I followed it as far down as I dared, breathing hard and adding air to my suit as I descended. I was getting low on gas and at 100ft I was about ready to break off the encounter when catastrophe struck. My regulator began to belch air uncontrollably. The combination of icy conditions, overexertion, and rapid descent had caused my first stage to freeze open. As the air puffed out my cheeks like a chipmunks, I tried to staunch the flow with my tongue but it was no use. Within a minute or so the tank was empty and I was left with very few options.

Because I knew that I had slipped into decompression I was reluctant to kick for the surface and risk getting bent or worse. From the first second of the free flow I had begun swimming back towards the area where I believed the group to be. Navigation was tricky over the featureless sand but I was convinced that I was making progress. I forced myself to stay calm and settled into a slow but steady frog kick. I have an advantage over most people in these situations because my adrenalin gland doesnt work very well. It makes me a bit slow sometimes but the upside is that I practically never panic.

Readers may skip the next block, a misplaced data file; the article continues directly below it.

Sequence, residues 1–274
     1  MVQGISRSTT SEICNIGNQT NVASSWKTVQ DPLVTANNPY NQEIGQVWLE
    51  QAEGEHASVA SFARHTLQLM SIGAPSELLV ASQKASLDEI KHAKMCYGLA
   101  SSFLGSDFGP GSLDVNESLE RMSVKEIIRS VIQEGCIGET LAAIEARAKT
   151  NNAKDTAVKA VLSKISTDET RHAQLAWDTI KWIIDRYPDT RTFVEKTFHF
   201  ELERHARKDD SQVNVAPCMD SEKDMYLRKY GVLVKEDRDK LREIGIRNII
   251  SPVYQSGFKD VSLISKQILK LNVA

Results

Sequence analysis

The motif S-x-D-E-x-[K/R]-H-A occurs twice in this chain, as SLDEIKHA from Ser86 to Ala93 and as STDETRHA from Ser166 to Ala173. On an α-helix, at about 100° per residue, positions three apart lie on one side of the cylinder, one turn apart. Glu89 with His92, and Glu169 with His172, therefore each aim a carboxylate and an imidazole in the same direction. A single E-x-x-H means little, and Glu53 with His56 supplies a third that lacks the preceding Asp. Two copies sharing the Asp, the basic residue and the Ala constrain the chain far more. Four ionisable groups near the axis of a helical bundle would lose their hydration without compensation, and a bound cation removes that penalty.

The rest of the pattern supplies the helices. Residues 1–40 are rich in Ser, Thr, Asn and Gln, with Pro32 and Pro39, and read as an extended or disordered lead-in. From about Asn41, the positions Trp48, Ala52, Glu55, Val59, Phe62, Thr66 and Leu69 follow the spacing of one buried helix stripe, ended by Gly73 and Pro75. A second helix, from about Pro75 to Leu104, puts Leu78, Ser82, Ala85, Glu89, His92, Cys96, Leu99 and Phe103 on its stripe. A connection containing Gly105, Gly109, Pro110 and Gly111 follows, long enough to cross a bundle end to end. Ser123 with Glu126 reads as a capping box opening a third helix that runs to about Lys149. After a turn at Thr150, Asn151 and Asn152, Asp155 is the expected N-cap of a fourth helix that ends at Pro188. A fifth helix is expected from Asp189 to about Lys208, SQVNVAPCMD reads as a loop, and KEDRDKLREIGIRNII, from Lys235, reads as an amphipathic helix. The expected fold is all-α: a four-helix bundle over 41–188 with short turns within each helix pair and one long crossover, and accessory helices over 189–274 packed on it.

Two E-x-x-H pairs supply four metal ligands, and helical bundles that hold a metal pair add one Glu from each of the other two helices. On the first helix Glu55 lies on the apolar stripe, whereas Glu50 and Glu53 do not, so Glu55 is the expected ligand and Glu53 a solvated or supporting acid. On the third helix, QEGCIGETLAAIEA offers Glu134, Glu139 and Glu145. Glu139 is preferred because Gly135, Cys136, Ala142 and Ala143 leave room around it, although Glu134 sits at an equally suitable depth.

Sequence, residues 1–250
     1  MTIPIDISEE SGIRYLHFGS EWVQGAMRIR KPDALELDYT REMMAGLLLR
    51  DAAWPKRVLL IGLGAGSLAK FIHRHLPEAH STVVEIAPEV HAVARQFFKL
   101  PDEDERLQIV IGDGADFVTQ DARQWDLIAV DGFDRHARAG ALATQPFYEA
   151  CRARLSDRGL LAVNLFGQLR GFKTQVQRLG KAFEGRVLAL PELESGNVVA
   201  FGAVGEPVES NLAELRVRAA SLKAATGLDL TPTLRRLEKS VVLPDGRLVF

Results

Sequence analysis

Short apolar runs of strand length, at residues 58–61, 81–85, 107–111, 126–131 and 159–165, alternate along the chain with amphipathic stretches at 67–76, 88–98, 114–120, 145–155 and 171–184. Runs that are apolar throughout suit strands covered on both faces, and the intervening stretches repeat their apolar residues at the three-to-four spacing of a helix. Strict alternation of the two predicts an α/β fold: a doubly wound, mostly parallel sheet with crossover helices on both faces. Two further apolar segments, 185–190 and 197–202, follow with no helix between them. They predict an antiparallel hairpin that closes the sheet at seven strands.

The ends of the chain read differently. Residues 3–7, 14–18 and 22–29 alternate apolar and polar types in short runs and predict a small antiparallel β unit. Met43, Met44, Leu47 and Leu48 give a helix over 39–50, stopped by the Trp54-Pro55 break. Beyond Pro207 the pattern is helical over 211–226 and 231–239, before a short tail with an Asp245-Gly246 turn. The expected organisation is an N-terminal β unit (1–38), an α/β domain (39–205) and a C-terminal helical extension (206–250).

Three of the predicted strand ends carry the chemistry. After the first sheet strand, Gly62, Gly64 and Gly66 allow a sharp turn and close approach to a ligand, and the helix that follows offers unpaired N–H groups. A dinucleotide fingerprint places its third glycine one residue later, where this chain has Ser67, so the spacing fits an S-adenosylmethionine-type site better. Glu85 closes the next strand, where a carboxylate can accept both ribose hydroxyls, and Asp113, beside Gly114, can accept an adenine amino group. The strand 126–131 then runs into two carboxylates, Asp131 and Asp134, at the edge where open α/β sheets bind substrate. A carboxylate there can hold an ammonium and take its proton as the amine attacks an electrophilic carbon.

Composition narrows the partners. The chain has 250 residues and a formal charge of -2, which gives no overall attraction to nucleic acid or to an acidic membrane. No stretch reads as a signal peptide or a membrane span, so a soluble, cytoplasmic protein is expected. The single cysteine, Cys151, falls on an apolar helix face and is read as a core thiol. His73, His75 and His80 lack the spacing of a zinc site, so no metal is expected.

After about 70ft of airless travel I could feel the carbon dioxide building in my lungs. The mist cleared in front of me and 30ft ahead I spotted the second group of divers heading into the darkness. Off to my left Kaz was following the fourth Greenland Shark and I had the momentary urge to change direction and try for a quick shot. Putting this irrational idea out of my mind, I headed onward. I let out a few squeaks along the way to attract some attention but the divers could not locate the direction of the noises and continued moving away.

By this time I had been kicking along for about a minute on a single breath with a bulky drysuit and a 44 pound weight belt. My lungs were beginning to scream and the surface beckoned with the promise of oxygen and warmth but I resisted the urge to bolt knowing that it would be a short reprieve.